What could disqualify someone from ministry leadership? Permanently?
Maybe a better question would be: are there people so broken that they can not be restored?
My hope — and I believe God’s heart — is that no matter what the offense, restoration is not only possible, but should be the ultimate goal. But things get tricky and sticky when it comes to how we do “church life”, and often people are permanently sidelined after failure. Why is this the case?
- There’s hard work involved. Restoration is often a messy, lengthy process, and leaders dread wading into these challenging waters.
- Fool me once, shame on you; fool me twice…and so on. We are fearful that people will be repeat offenders, and we don’t want the backwash of their continued failure to splash polluted water on to our “clean” reputations.
- We just don’t want to be associated with the brokenness of others. If I embrace you, offense and all, people may assume that I tolerate your sin (gasp!) and this would be a negative reflection on me (double gasp!).
- The church often reflects a shame-based culture. When someone blows it, there must be something inherently wrong with them (as if there isn’t something inherently wrong with me). We label those people as failures, as shameful examples of what “not to be”.
A friend has experienced something like this over the past year. A qualified and skilled ministry leader, he went through a dark season, during which he made a bad decision that snowballed a bit before he “woke up” and put an end to it. I had the privilege of walking with him during that time and since. I was so proud of him for going back to each person involved and making it right, choosing to swallow his pride and walk in repentance. The whole episode lasted no longer than two weeks, and he came out of it stronger and more humble than before.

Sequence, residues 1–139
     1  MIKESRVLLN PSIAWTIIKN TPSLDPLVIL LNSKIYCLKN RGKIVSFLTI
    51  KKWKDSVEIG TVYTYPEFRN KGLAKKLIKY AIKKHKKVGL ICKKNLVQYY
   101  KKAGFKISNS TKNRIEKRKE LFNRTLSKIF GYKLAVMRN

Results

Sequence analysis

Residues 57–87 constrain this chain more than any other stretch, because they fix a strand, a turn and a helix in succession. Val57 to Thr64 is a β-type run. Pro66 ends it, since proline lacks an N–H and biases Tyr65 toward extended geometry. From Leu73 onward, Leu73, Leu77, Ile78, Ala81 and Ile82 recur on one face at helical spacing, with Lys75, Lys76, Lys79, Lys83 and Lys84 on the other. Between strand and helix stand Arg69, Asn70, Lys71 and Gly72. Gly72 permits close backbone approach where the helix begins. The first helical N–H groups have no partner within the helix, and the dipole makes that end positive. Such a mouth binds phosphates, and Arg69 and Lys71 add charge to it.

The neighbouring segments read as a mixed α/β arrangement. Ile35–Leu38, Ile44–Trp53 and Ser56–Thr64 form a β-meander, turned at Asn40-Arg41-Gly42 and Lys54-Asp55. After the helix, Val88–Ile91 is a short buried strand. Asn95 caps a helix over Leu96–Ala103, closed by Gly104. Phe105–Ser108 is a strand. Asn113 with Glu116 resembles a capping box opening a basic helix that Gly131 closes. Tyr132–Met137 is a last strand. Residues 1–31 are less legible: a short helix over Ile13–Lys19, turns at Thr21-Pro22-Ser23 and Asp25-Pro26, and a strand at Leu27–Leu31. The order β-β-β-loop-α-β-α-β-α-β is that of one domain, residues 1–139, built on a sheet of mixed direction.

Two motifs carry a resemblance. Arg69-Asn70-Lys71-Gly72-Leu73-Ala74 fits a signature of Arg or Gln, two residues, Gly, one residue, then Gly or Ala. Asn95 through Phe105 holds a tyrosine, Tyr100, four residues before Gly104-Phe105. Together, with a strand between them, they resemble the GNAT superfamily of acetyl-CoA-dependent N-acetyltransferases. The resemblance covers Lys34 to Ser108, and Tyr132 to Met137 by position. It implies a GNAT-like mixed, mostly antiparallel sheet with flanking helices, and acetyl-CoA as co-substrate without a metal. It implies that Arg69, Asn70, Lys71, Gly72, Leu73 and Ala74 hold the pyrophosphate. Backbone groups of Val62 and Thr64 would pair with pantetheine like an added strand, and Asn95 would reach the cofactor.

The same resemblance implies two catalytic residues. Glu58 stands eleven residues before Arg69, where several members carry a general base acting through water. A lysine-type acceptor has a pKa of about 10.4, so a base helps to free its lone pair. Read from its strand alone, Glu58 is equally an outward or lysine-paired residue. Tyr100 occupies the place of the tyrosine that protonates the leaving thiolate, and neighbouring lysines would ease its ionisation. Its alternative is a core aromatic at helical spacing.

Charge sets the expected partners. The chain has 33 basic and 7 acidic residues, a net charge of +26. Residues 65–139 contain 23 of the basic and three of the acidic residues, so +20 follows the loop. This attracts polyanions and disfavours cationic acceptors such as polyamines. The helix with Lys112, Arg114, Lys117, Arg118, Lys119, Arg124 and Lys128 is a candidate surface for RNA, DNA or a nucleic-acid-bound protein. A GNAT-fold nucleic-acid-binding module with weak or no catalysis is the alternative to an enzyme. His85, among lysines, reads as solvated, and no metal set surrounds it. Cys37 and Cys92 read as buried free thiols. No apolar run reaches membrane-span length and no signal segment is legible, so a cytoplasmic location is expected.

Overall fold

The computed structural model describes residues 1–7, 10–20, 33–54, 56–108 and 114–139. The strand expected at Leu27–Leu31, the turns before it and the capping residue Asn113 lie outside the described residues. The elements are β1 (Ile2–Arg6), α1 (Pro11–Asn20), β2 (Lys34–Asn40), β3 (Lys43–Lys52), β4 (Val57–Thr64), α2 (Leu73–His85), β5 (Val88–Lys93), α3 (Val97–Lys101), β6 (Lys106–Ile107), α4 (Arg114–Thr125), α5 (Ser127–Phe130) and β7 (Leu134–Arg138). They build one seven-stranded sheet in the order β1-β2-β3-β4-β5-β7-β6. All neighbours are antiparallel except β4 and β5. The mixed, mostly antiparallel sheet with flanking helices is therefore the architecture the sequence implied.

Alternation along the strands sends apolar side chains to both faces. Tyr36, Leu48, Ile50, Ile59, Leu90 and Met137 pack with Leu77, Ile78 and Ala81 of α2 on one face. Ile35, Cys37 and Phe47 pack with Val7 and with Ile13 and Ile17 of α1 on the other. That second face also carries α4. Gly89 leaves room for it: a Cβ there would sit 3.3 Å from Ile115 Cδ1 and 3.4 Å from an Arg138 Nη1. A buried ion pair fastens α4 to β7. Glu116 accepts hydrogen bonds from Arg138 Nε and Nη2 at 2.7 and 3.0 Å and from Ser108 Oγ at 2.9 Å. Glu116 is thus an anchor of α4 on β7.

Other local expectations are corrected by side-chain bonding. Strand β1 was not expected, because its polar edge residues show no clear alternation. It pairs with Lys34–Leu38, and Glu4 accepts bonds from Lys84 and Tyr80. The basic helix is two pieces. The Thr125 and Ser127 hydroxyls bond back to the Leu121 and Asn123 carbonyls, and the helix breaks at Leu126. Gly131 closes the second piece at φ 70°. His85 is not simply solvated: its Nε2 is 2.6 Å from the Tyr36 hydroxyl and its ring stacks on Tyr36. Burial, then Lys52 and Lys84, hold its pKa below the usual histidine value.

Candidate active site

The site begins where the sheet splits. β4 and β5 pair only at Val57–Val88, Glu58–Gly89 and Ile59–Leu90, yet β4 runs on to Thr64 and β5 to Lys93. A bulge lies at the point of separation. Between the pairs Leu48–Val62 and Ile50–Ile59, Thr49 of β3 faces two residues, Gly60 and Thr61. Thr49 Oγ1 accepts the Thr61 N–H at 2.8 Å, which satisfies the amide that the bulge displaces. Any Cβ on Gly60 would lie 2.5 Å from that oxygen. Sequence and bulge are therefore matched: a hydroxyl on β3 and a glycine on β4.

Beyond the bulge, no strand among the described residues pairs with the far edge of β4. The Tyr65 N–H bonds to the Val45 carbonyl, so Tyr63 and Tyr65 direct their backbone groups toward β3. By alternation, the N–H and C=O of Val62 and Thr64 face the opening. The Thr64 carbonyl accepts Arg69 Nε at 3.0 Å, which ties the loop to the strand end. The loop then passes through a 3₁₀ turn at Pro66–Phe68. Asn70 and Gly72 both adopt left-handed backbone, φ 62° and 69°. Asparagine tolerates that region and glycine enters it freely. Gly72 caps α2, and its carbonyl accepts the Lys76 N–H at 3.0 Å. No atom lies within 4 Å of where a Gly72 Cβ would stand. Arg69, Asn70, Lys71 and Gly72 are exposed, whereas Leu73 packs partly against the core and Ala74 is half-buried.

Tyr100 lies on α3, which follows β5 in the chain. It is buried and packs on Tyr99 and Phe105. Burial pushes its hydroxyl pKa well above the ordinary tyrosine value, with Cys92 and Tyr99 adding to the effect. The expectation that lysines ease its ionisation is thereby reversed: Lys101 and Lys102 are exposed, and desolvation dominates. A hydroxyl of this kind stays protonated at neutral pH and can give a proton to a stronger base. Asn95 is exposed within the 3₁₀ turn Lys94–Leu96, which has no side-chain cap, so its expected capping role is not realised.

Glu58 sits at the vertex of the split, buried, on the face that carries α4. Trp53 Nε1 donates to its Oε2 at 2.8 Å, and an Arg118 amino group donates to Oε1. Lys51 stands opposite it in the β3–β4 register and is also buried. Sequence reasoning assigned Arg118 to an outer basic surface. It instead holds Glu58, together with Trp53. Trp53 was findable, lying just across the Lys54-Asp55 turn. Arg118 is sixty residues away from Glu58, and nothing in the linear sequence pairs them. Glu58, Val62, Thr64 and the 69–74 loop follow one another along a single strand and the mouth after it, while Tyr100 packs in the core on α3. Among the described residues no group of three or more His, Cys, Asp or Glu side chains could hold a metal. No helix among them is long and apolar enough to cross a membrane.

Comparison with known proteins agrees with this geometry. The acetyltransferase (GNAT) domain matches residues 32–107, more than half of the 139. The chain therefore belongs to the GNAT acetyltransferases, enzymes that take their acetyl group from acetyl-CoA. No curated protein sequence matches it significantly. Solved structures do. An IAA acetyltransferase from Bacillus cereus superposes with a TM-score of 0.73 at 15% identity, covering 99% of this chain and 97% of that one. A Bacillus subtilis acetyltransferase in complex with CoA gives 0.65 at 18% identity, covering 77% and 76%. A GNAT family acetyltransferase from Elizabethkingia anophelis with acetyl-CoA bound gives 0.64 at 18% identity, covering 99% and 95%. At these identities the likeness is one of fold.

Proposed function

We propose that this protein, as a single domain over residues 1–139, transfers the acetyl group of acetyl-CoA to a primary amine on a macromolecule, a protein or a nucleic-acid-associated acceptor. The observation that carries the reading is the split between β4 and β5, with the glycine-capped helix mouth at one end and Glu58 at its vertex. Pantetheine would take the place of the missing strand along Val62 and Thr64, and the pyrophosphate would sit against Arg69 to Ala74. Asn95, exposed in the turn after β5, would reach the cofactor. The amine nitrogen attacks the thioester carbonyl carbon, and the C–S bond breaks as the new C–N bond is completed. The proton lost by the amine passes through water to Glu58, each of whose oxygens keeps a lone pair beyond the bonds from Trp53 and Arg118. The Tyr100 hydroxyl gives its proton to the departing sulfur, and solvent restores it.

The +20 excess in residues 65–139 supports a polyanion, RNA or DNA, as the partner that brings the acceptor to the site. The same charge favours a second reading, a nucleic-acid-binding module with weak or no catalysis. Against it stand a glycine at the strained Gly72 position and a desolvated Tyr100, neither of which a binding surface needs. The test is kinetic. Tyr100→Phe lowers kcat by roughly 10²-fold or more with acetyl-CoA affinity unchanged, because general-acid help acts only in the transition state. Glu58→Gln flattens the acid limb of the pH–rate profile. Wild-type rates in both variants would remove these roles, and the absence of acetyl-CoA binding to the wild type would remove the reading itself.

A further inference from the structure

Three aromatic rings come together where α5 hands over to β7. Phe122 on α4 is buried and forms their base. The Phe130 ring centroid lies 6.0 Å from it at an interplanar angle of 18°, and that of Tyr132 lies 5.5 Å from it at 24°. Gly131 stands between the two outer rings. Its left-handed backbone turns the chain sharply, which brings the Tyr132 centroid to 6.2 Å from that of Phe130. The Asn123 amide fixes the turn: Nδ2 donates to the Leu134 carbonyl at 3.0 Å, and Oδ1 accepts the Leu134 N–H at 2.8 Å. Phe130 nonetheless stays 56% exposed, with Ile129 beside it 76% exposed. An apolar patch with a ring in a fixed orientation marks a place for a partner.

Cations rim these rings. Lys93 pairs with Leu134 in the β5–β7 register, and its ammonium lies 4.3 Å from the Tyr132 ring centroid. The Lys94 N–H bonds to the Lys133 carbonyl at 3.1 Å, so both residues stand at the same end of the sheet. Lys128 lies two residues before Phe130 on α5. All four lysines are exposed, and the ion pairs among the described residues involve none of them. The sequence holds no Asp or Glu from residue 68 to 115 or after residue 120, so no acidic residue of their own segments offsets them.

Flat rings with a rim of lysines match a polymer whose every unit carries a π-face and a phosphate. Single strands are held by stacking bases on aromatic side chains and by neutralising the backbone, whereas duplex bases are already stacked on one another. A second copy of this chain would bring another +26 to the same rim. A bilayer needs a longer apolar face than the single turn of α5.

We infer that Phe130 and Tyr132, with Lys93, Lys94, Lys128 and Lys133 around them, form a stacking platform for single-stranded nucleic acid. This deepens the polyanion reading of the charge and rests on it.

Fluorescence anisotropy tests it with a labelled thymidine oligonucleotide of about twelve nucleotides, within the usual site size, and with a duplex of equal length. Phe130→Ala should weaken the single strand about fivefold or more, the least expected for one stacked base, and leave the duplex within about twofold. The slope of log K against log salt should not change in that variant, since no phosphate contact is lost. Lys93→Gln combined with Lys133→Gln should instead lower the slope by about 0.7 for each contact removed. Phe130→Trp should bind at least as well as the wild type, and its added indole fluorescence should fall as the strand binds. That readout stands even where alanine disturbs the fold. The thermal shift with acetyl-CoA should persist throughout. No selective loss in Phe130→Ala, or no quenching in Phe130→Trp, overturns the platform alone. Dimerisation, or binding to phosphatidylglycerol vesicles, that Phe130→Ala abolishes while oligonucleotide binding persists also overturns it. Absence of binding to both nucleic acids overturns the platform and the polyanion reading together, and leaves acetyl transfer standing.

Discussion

But over a year later, my friend’s pastor won’t even consider him for a ministry role. There’s just no place for him. He’s disqualified. Worse yet, there’s no pathway of restoration being made available to him. In his pastor’s mind, he’s permanently disqualified.
Can’t we just admit that we’re all broken people in need of grace? We all need the hope of restoration. And discarding those who fail is plain stupid (oops…did I just say that?!).
Part of the problem of maintaining a shame-based, rather than a grace-based culture is that people will go to great lengths to hide their issues. Oh, they still have them. They just fear the permanent shame they believe will be brought about by exposure. My fear of marginalization usually exceeds my desire to walk in honesty.
Are there times when someone’s habitual failure should sideline them for a season? Yes, I believe so. Leaders have the responsibility to protect the community — both the one who is currently weak as well as those who could be negatively impacted by his or her failings. But even then, restoration should be the goal of a season on the sidelines.
I’ve recently been reminded of the need for a grace-based church culture in a profound book, Love, Acceptance and Forgiveness. I’m not sure how this book, authored by pastor Jerry Cook, had escaped my reading for so long. But I’m really glad I picked it up…and I’ve bought and passed out dozens of other copies. Pick up your own copy and get ready to live differently. There is a world of broken people who are waiting for us.
(Photo credit: Ramzi Hashisho)